The Parish Council wrote to the primary school, Governors and Smile Learning Trust on 27th November indicating its willingness to pursue a dialogue over community access to the school playing field, including potential funding to address key issues. The letter was as follows:
The very existence of West Hill Parish Council arose from a desire by the people of West Hill, evidenced by a majority voting in favour, for self determination, more influence over matters which affect them, and an end to detrimental decisions being imposed on them by others.
The Council believes strongly that all stakeholders in the community, whether public or private, have a duty to promote well-being and a sense of community, in addition to their prime purpose. This is doubly important where the public purse finances, or contributes to, their funding.
The Council sincerely regrets the adversarial situation, which has arisen in relation to re-establishing community access to the school playing field. We are writing, in good faith albeit in contravention of the wishes of the Smile Learning Trust, to try again to establish a dialogue on this important issue for the good of the people of West Hill.
From its inception, the Council has viewed the provision of accessible open space as a priority and has begun setting aside significant sums from its precept in order to be able to pursue this objective.
We are mindful of the epidemic proportions of the obesity problem and its consequence, diabetes. Recent surveys indicate that, on average, almost 50% of children are overweight, obese or severely obese when they leave primary school, and lack of exercise is a major contributing factor. Only a tiny percentage of children (5.5% of boys, 1.2% of girls) are getting the recommended one hour of exercise daily.
It is clear that the playing field is sadly underutilised, even in school hours. The application for grant funding last year, for drainage, indicates one area where the Council could assist. However, we find it difficult to agree to making public funds, for which we are accountable, available for the limited benefit it would bring if usage was restricted to pupils for an hour or two a week in term time.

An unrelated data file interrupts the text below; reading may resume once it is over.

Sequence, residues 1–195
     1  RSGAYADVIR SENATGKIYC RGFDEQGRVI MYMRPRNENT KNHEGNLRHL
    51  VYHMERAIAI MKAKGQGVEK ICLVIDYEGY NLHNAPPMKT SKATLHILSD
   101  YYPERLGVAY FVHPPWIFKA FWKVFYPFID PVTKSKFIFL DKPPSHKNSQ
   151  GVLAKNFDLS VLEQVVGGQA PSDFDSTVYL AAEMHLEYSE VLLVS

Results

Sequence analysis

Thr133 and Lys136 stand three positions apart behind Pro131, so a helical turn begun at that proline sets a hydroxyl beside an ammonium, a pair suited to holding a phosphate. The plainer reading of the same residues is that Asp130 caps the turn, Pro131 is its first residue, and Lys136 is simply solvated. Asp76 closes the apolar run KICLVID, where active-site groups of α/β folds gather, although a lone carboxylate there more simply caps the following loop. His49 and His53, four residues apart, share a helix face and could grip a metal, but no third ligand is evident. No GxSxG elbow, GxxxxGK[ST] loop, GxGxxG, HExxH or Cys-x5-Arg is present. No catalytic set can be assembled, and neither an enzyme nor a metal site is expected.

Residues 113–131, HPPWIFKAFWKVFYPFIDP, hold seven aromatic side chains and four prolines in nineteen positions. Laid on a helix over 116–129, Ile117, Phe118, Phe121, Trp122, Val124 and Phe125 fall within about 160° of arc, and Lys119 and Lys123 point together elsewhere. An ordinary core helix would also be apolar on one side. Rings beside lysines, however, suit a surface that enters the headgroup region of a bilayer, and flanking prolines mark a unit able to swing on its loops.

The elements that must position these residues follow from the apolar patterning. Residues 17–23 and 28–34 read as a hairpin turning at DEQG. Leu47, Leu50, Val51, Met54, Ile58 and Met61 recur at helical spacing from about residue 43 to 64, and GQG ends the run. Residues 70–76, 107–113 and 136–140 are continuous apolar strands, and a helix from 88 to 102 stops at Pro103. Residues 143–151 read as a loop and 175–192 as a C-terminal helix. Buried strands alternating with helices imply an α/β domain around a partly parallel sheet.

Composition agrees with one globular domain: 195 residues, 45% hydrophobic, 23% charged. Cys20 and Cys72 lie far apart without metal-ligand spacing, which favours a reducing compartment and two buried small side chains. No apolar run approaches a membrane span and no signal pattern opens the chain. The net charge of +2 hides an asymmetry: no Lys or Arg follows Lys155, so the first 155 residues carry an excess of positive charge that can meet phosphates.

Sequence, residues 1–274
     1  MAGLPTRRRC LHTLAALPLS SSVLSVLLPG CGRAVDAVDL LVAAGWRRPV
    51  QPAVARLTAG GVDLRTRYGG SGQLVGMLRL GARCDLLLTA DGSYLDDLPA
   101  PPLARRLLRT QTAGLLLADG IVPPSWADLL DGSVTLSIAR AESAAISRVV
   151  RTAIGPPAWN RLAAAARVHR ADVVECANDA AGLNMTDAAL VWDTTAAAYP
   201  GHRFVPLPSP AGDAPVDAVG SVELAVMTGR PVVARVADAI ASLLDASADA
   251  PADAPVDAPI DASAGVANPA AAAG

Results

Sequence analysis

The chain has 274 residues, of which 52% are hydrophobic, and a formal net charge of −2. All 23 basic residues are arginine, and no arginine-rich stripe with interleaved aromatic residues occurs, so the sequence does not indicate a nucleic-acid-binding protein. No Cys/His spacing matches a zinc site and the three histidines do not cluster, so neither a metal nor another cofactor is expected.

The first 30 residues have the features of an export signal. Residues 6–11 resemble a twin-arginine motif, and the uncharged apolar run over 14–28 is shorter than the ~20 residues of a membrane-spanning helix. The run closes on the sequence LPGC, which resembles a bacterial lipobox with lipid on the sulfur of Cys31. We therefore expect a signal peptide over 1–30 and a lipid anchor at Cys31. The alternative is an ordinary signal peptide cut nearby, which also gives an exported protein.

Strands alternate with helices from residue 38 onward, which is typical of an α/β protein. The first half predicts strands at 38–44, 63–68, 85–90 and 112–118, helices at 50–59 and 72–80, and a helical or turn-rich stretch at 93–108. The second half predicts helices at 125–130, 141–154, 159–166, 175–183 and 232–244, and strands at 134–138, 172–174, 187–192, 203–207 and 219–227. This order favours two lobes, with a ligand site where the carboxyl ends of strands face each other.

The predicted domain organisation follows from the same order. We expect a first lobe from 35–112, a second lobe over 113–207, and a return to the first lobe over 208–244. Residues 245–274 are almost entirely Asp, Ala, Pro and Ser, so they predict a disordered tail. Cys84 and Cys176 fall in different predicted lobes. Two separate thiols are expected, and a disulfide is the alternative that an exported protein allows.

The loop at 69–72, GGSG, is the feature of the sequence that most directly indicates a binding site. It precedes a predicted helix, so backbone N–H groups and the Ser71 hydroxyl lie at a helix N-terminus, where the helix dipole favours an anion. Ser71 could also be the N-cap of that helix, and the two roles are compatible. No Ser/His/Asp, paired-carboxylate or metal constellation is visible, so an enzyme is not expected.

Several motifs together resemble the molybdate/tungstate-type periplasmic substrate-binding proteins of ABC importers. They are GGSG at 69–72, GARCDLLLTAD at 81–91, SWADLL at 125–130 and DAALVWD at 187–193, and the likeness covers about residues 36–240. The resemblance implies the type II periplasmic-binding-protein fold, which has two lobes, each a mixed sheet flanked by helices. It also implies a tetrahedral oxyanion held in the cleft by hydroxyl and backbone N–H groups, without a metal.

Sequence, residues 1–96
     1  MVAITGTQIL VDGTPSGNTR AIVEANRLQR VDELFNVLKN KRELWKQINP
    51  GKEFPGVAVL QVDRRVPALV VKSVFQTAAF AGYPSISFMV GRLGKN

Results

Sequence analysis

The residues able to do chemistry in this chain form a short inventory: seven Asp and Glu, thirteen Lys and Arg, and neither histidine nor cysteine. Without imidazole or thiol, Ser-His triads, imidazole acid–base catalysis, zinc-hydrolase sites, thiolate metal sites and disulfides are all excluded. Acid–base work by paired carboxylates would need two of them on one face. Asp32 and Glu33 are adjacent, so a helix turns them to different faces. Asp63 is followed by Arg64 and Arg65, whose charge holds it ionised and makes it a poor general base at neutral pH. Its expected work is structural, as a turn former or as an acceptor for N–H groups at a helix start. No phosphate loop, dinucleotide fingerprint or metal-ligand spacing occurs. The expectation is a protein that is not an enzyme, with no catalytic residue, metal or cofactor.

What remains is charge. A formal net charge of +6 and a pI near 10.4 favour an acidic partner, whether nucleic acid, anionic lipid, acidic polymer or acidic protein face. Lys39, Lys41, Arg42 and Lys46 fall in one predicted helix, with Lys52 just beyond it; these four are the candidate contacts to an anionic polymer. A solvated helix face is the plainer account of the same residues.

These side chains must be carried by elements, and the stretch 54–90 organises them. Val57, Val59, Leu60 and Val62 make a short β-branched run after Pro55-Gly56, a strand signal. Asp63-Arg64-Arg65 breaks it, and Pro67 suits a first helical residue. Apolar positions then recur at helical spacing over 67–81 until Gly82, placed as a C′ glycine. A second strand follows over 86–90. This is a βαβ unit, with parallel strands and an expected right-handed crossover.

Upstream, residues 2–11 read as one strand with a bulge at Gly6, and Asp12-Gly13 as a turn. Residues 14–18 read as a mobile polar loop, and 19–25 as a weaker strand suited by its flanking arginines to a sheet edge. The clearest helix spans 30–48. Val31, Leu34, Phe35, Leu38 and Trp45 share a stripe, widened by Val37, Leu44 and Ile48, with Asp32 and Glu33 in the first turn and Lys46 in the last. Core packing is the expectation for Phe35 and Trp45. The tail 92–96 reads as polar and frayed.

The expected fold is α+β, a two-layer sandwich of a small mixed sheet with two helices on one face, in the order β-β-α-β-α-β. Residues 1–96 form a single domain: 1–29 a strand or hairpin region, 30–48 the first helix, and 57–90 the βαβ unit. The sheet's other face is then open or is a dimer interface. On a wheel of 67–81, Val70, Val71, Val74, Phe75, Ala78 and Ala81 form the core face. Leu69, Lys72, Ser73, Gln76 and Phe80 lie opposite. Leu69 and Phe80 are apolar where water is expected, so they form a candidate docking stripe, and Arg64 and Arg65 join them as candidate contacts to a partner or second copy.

We also remain ready to bring significant funding to bear in relation to security (fences, lights, CCTV); rectifying damage, addressing litter, in order to secure the re-admission of the community to the field, as was the case for over 30 years.
By way of example, should agreement be reached and the council sets aside its normal grant restrictions for this vital project, the cost of the drainage scheme (just under £10,000 as applied for last year) would be comfortably within its capabilities.
The Council would like to encourage better use of the field by the school as well as the community. This could include assistance with storage of outdoor footwear, clothing and cleaning. We would also like to explore the organisation of outdoor activities in the holidays or at weekends, without too much formality or the administrative burden of prior booking.
West Hill is a quiet, rural village and is virtually crime free. Turning the school into a fortress is not the answer. We suspect that the publicity given to vandalism, following the Council’s prompting to report it to the police, will have as much effect as erecting barbed wire round the Forest School.
There are many examples where school facilities are shared; the Multi Use Games Area in Ilminster is on school property and is open to the public when not in use by the school; many public schools open their sports fields and athletics tracks to the public.
We would like to put time consuming, legal arguments and publicity campaigns behind us and engage with the school authorities to bring back into being the dream of the founding fathers of our unique school/village hall joint venture. The Council, the Governors, the Smile Learning Trust and the PTFA should be working together for the good of all in West Hill and the Council remains ready to engage.